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24 Kan. App. 2d 724

No. 78,157

IN THE INTEREST OF K.W., a Child in Need of Care.


When an interested party has filed a child in need of care petition and there has been no stipulation resolving this matter, the trial court is required to conduct an adjudication hearing.

Appeal from Saline District Court; JEROME P. HELLMER, judge. Opinion filed January 23, 1998. Reversed.

Stacy R. Heinitz, assistant county attorney, and Julie McKenna, county attorney, for appellant.

Karen Black, of Salina, for appellees natural mother and natural father.


GREEN, J.: This is an appeal by the State from the trial court's judgment dispensing with an adjudication hearing. On appeal, the State contends that the trial court was required to conduct an adjudication hearing before returning the child to the custody of his parents. We agree and reverse.

K.W. was born in January 1996. K.W.'s parents took him to the hospital on March 24, 1996, because he had been vomiting all day and had become limp and unresponsive. J.W., K.W.'s natural father, admitted shaking K.W. when he was unresponsive to try and "arouse him." K.W.'s doctor stated that K.W. had sustained an inflicted brain injury consistent with shaken baby syndrome and would likely survive, but in a vegetative state.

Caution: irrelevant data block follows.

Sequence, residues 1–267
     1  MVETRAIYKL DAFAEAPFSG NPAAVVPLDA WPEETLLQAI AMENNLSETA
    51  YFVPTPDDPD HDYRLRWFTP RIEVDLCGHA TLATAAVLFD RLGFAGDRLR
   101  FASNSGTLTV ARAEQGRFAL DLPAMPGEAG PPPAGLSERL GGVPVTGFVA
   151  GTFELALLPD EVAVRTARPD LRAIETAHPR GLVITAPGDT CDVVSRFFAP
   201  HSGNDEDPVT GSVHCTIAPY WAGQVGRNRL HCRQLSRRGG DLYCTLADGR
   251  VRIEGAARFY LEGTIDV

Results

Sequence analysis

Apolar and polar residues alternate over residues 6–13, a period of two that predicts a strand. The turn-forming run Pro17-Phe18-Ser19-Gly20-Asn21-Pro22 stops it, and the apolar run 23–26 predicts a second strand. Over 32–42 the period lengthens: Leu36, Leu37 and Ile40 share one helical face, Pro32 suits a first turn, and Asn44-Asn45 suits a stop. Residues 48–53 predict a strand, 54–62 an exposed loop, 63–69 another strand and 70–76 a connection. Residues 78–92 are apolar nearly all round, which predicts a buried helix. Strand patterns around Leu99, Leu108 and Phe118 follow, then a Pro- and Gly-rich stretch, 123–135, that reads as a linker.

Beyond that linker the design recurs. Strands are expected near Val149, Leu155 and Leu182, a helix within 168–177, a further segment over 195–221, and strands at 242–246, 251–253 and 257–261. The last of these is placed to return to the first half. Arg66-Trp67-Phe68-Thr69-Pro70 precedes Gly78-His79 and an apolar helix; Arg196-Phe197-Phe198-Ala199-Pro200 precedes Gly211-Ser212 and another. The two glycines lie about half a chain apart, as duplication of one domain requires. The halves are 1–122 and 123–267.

The State filed a child in need of care (CINC) petition on April 10, 1996. The trial court granted an ex parte order for protective custody the same day and placed K.W. in the protective custody of the Secretary of the Department of Social and Rehabilitation Services (SRS). On April 12, 1996, the trial court granted SRS temporary custody.

On May 22, 1996, the trial court learned that criminal charges had been filed against J.W. for causing his son's injuries and, consequently, prohibited J.W. from visiting K.W. J.W.'s preliminary examination in the criminal case was held in July 1996. Because the trial court determined that the evidence was insufficient to bind J.W. over as the person responsible for causing the injury to K.W., the trial court dismissed the criminal charge against him.

Although the State requested an adjudication hearing for K.W., the trial court never conducted a hearing. In September 1996, the trial court returned custody of K.W. to his parents. In so doing, the trial judge referred to the expert testimony that he had heard at J.W.'s preliminary hearing. The trial court further pointed out that no new criminal charges were pending against J.W. and that K.W. was the responsibility of his parents.